Questions Machining Delrin

Recently, I experimented with cutting ⅛" Delrin sheet to fabricate a turntable mat for a vintage Sony audio turntable. This job requires high precision both for fit and for weight balance. I ran into a few problems and would appreciate any guidance.

I have a S4 XXL machine with the new CC VFD spindle.The machine is running great.

  1. I used an Amana 51411-K zero single flute mill designed for plastic with the default Carbide Create settings. I found that all my circle contours (inner and outer) were slightly smaller than intended and did not fit the turntable in critical areas. I was able to correct by adding 0.25 mm to the measurements. Is this the “right” way to do this?
  2. Delrin sheet is subject to warping and really needs to be surfaced. On YouTube I saw Delrin surfacing using a Shear-Hog SH150 with a ½" shank and significantly more powerful machine. It looked pretty straightforward. Is there a recommended mill / approach for surfacing Delrin on the S04?
  3. Is it possible to do round-overs on Delrin? My earlier attempt to use a small two-flute 3/16" round-over bit on acrylic generated heat and not a smooth rounded-over surface.

I hope not to mangle too much Delrin on failed tests. Any guidance would be much appreciated!



It’s definitely the most efficient/straightforward way. You may still want to understand the sources for dimensional inaccuracy (my take on this topic here), but at the end of the day, after applying the usual best practices to calibrate the machine and reduce tool deflection and runout, we all end up using an offset determined experimentally, to get a perfect fit.

You can use any square endmill you have on hand, or possible a surfacing bit (like the McFly), the only trick with plastics is to feed fast (and then some) to avoid melting. Fast and shallow does the job.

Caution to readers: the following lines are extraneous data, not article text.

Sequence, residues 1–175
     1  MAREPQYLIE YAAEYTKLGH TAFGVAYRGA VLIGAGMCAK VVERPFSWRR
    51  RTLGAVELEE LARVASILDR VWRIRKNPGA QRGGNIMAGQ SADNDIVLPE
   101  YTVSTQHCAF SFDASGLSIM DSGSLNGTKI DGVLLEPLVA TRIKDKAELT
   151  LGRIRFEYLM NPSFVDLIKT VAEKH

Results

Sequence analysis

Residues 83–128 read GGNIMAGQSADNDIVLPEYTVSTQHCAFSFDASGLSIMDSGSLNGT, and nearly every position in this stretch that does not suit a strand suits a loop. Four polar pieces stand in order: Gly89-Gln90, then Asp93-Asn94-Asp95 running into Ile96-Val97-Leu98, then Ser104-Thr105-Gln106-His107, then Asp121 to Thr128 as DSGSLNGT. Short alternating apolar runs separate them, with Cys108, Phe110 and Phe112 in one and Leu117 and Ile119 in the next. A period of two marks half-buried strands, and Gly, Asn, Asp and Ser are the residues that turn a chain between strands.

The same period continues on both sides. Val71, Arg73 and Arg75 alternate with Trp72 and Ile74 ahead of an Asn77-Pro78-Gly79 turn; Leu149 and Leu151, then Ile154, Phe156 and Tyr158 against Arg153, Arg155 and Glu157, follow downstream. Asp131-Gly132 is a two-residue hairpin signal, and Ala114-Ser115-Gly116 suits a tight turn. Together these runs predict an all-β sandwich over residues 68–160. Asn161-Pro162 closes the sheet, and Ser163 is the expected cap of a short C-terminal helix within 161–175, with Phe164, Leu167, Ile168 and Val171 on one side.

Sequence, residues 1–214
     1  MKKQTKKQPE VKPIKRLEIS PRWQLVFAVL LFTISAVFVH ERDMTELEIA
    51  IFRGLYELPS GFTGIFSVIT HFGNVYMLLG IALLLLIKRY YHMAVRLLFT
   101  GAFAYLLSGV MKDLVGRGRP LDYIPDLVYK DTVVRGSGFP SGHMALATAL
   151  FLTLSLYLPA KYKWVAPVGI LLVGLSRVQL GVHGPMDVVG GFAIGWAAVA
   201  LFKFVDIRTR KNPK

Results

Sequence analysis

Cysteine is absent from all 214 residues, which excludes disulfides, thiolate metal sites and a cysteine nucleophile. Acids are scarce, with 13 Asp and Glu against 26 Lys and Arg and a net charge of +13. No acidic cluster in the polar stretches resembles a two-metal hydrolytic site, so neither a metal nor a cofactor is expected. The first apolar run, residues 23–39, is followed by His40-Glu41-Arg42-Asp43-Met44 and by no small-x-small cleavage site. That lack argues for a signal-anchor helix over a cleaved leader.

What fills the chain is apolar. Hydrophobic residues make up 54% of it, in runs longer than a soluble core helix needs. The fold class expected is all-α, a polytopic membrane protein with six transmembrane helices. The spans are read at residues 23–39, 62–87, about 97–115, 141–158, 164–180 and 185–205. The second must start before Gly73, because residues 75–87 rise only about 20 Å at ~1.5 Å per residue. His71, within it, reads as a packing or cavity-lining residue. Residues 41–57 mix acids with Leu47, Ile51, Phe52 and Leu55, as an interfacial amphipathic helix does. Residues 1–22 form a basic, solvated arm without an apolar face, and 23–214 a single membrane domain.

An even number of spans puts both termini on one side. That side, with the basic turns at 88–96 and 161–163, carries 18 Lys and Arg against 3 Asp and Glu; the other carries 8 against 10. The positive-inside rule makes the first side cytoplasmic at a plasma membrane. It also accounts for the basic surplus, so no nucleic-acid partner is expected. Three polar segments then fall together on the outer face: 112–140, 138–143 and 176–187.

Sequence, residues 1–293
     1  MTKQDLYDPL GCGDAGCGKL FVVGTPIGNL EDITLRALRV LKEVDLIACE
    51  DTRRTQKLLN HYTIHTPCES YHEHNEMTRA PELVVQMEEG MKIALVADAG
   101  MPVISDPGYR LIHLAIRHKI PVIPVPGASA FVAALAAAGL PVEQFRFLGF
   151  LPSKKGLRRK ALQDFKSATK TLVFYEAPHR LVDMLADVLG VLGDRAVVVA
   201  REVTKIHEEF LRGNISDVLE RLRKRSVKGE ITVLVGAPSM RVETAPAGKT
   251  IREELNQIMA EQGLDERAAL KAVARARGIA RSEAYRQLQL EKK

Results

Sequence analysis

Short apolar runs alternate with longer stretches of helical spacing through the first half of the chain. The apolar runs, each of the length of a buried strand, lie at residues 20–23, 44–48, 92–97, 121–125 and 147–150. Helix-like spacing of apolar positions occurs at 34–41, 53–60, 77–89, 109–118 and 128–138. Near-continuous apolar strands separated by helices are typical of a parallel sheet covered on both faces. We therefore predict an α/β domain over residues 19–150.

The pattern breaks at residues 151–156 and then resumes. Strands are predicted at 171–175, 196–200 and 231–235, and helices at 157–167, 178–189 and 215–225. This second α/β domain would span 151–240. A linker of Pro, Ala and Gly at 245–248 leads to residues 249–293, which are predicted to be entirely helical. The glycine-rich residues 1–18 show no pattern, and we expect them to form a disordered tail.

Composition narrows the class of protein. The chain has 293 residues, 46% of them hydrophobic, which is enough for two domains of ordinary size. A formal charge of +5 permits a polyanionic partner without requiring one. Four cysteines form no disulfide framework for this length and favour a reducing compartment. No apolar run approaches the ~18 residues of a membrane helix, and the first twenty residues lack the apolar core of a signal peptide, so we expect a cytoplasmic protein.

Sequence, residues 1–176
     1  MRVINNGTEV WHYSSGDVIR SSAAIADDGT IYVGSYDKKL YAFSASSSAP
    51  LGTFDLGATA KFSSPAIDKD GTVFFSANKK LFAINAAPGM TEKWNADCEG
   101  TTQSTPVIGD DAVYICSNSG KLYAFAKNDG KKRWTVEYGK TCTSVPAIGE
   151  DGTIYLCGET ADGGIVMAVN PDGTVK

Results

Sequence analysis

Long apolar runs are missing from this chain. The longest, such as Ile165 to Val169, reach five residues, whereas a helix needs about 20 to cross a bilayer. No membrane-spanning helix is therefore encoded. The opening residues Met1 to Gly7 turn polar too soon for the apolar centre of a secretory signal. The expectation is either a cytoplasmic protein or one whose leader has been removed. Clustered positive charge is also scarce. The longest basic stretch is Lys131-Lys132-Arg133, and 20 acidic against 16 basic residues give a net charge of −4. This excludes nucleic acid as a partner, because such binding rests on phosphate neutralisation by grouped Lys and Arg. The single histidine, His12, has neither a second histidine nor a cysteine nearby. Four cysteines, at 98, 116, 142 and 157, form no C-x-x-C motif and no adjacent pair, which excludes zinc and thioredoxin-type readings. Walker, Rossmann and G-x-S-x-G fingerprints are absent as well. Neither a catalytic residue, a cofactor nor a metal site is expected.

When in doubt, feed (much) faster when cutting plastics. Scary as it is, it’s the answer 99% of the time to avoid melting. Bump up the feedrate until you get it snows chips (rather than a stringy mess, or worse, no strings or chips at all which means you are only melting material and not cutting it). Using single-flute endmills help too, but for a roundover I doubt a single flute ball endmill exists (I never checked…)


I think he meant a roundover/corner rounding bit. I’ve never seen a single flute in either.
However, if you’re handy with a grinder you could easily make a 2-flute into a 1-flute by grinding ~0.005" off of one of the cutting edges. You want the rest of the material there for balance, but the 2nd flute will now only serve to clear chips. :wink:


Thank you for helpful suggestions. I’m going to experiment with ramped up speeds on my Delrin scrap pieces and see how things go. Great to get helpful tips.


And I’m sure many folks know but there’s bound to be some lucky folks out there that don’t:
Burning delrin creates formaldehyde fumes so while I know we all practice the utmost safety at all times… maybe try to be just a bit extra safe when dialing in your delrin recipe :slightly_smiling_face:

I liked working with it quite a bit all things considered. Be sure to show off whatever you come up, it sounds like a super cool project.
(And I’m personally invested in how you accomplish the round over for one of my own projects)

1 Like

Thanks, Tyler, for the formaldehyde tip! I was aware that Delrin can give off fumes but didn’t know the details. I use a powerful ventilation fan and also am focused on not burning any plastics! I’ll let you know how things turn out.